But I am gradually turning into a tantric and antirealist fundamentalist unwilling to listen to anyone tell me the first and final prinicibles of reality until he’s spent five hours a day on a meditation mat for a decade. But I suppose advocating something effective makes me just another fascist. So much for double-binds.
    Maybe I’ll read Dawkins’s book, if he sends me a free copy or someone sends me a PDF.

  3. It may just be my own niche-defending speaking here, though. I think it’s far easier to “deconstruct” textual-critical style an idea of god or religion than it is to hang out in your laboratory and insist that you can disprove god exists through scientific understanding, when in fact it’s not possible to ostensibly prove, e.g., that “god does not exist.” But that might mean science nerds would have to hang out with chainsmoking english professors… I’m rehashing old territory. the problems with pseudoskepticism apply in a tangential way to “New Atheism” comes in handy here.
    Full Disclosure: I’ve used lots of drugs, had out-of-body experiences, and known sigillia and “spirits” to cause inexplicable effects beyond those science permits.

  4. I’m still not seeing the “simple-minded ideology” or dogma in Dawkins’s arguments. Or is the dogma just relying on critical reasoning to evaluate arguments? In which case, how can anyone debate anything? In the “Why There is Almost Certainly No God” Dawkins dismisses the usual arguments in favor of the existence of god with alternative, falsifiable, explanations.
    “Would these losers call ‘Buddhism’ a ‘delusion’?”
    I don’t know about Dawkins, but depending on your definition of Buddhism, I would. Check out http://www.michaelparenti.org/Tibet.html and http://www.mandala.hr/5/baran.html as starting points. It doesn’t mean that there aren’t valid points in Buddhism, or that meditation isn’t beneficial, but eastern religions are still harmful. So in other words, religion is not just “intolerant monotheism that?s hung around since about Moses” it also encompasses any belief system that promotes blind-belief in a higher power (including “karma”). If you drop the blind faith bit of a religion, and start picking and choosing what works for you, then you’ve pretty much dispensed with religion.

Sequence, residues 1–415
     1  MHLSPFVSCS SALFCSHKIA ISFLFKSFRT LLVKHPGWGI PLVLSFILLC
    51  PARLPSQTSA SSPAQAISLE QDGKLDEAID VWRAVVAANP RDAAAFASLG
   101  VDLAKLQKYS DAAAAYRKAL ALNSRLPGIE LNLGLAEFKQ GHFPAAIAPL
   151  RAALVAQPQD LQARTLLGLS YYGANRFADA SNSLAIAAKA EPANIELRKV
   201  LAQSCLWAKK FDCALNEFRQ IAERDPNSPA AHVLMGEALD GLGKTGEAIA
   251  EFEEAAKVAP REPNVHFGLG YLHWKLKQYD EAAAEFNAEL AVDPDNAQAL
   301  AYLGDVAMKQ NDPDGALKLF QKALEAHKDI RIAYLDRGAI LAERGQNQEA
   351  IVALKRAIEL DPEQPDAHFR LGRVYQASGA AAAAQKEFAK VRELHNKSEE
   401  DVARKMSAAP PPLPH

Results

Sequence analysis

I don’t think it’s atheists debating creationists that gives creationists validity, it seems to be religious nuts on school boards that give them validity. That’s the whole point – Dawkins is trying to strip them of their validity, and uses much of the ammunition provided by Russell.
    I haven’t read Polanyi or Szasz, and what I’ve read of Wilber hasn’t been convincing. What would you propose instead of science and critical thinking?
    Dawkins does not claim to have proved that god does not exist, only that god almost certainly does not exist, based on the evidence we’ve collected thus far.
    I too have had some… interesting, unreal, magical experiences. But to quote Manuel DeLanda: “I always strive to have a materialist explanation for what?s going on.”

  5. “…cause inexplicable effects beyond those science permits.”
    Science permits anything you can throw out there as evidence, provided that it is open to the possibility of being disproved by future evidence. Science is only a methodology, and so does not make claims to truth.
    If you believe your experiences are evidence for your beliefs, you are yourself applying the scientific method. Your evidence may be challenged, and potentially written off as disproved, but you are still basically applying the core method of science.
    Scientific theories do make claims to truth, which takes us to…
    Atheism is a label that says one thing, and one thing only: I do not believe in God. I doubt the evidence for God that has been presented.
    Why not just agnosticism? Agnosticism is not a statement about divinity, it is a statement about knowledge. It is the belief that there can be no certainty to knowledge; that is, knowledge is impossible, totally unattainable.
    Questions: If knowledge is impossible, can one be an atheist? Is the position of atheism necessarily drawn from the belief that knowledge is attainable?
    Which might make them all gnostics. I shouldn’t like to speculate.
    So, um… I doubt I’ve contributed anything, but that’s about all I can say to that for now.